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Countless arguments between highly intelligent people have been waged (on this very site in fact) as to exactly how lift can be explained in an experimentally and mathematically rigorous way. Taking the potential flow approximation and invoking the experimentally-observed Kutta condition provides a fairly accurate model. A majority of explanations for the Kutta condition involve Nature avoiding the infinite velocities implied by potential flow around a corner of zero radius. This, however, is where the problem arises. No man-made object has a zero radius of curvature. We cannot manufacture perfectly sharp corners in the same way that we cannot manufacture perfectly straight edges; all real objects have a nonzero radius of curvature. Thus, no potential flow would actually require an infinite velocity to properly flow around it. By this reasoning, claiming that Nature "enforces the Kutta condition to avoid infinite velocities" has to be false, because infinite velocities are not needed to flow around any real geometry. Moreover, we know that the Kutta Condition is actually not upheld for very low Reynolds numbers (see here and below). Is there a better explanation for the Kutta Condition than this spurious reference to infinite velocities? I know the potential flow model is just an approximation, but why does a real viscous flow force the rear stagnation point to the trailing edge?

From the MIT 16.100 Lecture Notes:

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Hele-Shaw Flow Around an Airfoil (note that the rear stagnation point is not at the trailing edge):

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A video of the above experiment can be seen here.

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    $\begingroup$ I'd like to point out that your examples where "we know the KC is not upheld for very low Reynolds numbers" is not a proof that the KC is wrong or baseless. Reynolds number is the ratio of inertial to viscous forces, so very low Re means viscous forces dominate. Meanwhile, the Kutta condition is something we impose in potential flow equations, which assume infinitely large Re (negligible viscosity). So of course it doesn't hold, it's not supposed to. The equations that use it aren't valid. $\endgroup$ – tpg2114 Sep 16 '14 at 2:14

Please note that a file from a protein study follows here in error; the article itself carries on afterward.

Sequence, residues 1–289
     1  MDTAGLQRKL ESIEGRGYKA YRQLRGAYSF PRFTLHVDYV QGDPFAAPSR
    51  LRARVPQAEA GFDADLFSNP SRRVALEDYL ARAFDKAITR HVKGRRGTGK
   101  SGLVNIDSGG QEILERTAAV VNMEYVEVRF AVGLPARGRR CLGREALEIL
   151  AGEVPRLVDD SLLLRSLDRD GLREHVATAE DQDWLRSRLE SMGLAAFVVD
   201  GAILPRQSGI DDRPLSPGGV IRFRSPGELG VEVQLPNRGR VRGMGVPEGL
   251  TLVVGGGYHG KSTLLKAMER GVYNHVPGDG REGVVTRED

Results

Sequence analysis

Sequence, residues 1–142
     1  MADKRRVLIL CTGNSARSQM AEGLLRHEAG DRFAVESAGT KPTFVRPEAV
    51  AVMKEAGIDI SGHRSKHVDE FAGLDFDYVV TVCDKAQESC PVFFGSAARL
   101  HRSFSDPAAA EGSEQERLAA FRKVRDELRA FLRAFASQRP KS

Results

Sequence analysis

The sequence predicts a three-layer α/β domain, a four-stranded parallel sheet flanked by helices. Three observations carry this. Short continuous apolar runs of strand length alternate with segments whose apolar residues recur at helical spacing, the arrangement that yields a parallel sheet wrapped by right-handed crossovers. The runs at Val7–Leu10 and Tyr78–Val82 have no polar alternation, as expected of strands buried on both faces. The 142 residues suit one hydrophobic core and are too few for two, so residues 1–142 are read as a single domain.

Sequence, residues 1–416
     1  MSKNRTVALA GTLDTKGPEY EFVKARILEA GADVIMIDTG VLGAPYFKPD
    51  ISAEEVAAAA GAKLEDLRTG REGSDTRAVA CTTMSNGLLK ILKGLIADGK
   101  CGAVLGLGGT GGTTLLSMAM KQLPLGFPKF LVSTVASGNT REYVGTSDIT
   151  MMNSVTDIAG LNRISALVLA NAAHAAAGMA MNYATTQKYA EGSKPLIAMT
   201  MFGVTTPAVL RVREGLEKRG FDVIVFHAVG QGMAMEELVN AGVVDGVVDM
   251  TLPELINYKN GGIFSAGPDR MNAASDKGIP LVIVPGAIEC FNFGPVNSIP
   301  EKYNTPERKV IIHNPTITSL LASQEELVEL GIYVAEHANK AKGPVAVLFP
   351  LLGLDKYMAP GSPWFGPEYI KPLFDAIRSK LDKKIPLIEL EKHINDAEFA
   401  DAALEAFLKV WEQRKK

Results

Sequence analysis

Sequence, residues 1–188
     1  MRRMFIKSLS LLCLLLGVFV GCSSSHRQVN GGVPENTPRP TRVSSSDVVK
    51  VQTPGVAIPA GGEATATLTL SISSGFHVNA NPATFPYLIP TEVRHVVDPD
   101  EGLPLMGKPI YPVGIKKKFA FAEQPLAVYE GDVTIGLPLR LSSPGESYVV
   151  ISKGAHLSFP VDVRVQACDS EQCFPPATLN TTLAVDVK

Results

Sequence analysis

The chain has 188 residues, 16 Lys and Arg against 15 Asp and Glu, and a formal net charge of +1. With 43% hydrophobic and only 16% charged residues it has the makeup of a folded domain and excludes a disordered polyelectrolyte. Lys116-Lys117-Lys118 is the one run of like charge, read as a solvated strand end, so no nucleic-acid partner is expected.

• $\begingroup$ What is a more physically accurate explanation for the stagnation point moving to the trailing edge? I know it involves vortex shedding, but can you add some detail in your answer? $\endgroup$ – Bryson S. Sep 16 '14 at 2:32
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    $\begingroup$ Also -- and this is just being pedantic because we can be once in awhile -- you state that no man-made object can be perfectly sharp (zero radius of curvature). And while true, we are capable of creating knife edges that get down to nanometers in thickness at the very edge. Since this is well below the mean-free-path of air at atmospheric conditions, this is effectively zero radius of curvature over the length scales of the flow. $\endgroup$ – tpg2114 Sep 16 '14 at 2:45
  • $\begingroup$ What I need is specific detail on exactly how viscosity moves the rear stagnation point to the trailing edge at high Reynolds numbers. Again, we know that at low enough Re it doesn't do this and I am looking for why. Any explanation for lift involving viscosity must deal with why the rear stagnation point does not migrate to the trailing edge at low enough Reynolds numbers. $\endgroup$ – Bryson S. Sep 16 '14 at 20:32
  • $\begingroup$ Can you give a citation that says there is no stagnation point at the rear point in low Re flow? Stokes flow over a cylinder and over airfoils both have rear stagnation points. In fact, the solutions to those flows look identical to the potential flow solutions, confusing many people about why the potential solutions don't hold at low Re. $\endgroup$ – tpg2114 Sep 16 '14 at 21:24
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The Kutta condition is completely artificial.

The potential equations are completely artificial.

The potential equations are a mathematical construct we use because it's much simpler than the full Navier-Stokes set of equations. We know the Kutta condition is never actually upheld in any real flow ever. However, when we perform all of our mathematical trickery to get to the potential equations, the very nature of the equations is now changed.